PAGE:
These panels show the most recent observations of cape. CAPE (Convective Available Potential Energy) is a sounding variable, meaning that it is a single value at each location, and does not change from one level to another.
CAPE is a stability index to help measure the buoyancy of the atmosphere. Atmospheric temperature generally decreases with height. When surface air rises, it also cools. However, sometimes it cools more slowly than its surounding environment. When this happens, the rising air is warmer and less dense, and the rising air can continue to rise -- leading to storm development.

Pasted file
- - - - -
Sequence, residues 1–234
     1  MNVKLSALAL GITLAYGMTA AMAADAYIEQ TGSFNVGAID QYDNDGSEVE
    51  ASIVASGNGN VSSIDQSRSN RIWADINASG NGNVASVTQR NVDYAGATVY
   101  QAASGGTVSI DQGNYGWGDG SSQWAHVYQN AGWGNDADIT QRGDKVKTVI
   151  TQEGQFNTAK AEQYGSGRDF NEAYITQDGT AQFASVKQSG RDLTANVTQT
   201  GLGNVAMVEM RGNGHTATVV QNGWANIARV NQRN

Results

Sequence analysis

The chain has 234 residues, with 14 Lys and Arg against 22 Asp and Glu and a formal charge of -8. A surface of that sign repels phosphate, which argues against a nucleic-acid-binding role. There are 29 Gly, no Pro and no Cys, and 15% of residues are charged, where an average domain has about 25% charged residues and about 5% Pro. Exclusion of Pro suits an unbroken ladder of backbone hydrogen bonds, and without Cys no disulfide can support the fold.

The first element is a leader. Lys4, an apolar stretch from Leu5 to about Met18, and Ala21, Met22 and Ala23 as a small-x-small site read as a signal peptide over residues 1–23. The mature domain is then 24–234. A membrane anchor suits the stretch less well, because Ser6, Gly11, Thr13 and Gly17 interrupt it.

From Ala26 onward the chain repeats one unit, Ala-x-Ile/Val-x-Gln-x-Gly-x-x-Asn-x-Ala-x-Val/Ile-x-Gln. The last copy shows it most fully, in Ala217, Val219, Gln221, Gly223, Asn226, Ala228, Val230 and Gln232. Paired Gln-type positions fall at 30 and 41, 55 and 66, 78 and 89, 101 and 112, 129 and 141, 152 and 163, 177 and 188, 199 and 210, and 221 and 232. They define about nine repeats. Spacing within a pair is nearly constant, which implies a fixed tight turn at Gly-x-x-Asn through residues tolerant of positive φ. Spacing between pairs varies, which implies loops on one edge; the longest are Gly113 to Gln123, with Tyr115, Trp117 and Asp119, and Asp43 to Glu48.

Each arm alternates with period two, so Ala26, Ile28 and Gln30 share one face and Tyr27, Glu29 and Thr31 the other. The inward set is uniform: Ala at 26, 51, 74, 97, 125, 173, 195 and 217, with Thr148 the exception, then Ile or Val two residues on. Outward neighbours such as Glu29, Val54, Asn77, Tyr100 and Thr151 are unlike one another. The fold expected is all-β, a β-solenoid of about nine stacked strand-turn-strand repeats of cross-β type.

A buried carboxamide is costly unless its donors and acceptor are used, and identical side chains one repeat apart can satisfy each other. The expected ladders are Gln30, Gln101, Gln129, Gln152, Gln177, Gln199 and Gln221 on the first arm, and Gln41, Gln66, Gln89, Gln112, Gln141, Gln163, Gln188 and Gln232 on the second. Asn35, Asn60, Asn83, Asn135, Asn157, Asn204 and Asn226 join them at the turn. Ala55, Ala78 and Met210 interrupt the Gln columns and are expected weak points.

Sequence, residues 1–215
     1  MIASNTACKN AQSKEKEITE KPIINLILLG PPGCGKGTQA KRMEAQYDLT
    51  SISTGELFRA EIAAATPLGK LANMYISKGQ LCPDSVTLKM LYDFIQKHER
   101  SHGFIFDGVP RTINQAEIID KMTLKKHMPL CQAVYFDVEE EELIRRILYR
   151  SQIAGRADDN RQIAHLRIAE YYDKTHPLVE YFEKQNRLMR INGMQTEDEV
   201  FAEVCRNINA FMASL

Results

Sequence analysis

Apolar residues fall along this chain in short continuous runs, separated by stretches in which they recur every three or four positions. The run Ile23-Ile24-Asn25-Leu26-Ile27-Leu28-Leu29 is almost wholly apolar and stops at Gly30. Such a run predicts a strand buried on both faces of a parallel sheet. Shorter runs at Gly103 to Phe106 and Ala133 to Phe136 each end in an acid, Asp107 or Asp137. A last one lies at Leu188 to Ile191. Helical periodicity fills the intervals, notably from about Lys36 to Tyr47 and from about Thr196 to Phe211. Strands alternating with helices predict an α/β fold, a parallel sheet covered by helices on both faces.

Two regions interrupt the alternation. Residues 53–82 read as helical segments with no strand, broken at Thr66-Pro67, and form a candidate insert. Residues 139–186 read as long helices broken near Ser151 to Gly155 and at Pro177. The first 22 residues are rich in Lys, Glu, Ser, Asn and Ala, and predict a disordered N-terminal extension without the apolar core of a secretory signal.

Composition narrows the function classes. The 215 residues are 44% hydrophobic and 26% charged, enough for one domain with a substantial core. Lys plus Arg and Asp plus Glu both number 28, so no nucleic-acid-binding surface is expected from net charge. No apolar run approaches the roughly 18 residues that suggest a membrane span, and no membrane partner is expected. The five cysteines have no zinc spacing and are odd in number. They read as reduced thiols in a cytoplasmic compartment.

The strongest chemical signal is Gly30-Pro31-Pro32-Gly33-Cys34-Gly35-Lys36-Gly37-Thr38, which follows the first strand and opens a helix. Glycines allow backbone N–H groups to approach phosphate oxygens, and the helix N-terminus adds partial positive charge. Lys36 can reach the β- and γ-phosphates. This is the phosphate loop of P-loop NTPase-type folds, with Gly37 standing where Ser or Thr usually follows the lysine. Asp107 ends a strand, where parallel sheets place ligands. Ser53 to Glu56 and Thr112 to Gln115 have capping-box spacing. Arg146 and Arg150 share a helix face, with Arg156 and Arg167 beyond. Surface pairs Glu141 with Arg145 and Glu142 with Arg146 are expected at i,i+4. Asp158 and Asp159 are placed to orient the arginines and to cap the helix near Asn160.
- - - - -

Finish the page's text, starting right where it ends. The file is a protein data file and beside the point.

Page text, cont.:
CAPE is a measure of buoyant energy in the atmosphere. Meteorologists can measure this energy by comparing how the atmospheric temperature and a rising air parcel stating at the surface vary with height. CAPE calculations are made before storms can form and are used as a forecast tool.
In analyzing CAPE, values less than 400 are not shaded. Values greater than 1000 are considered favorable for intense convection and possible severe weather in that location. Also, it is important to know that CAPE.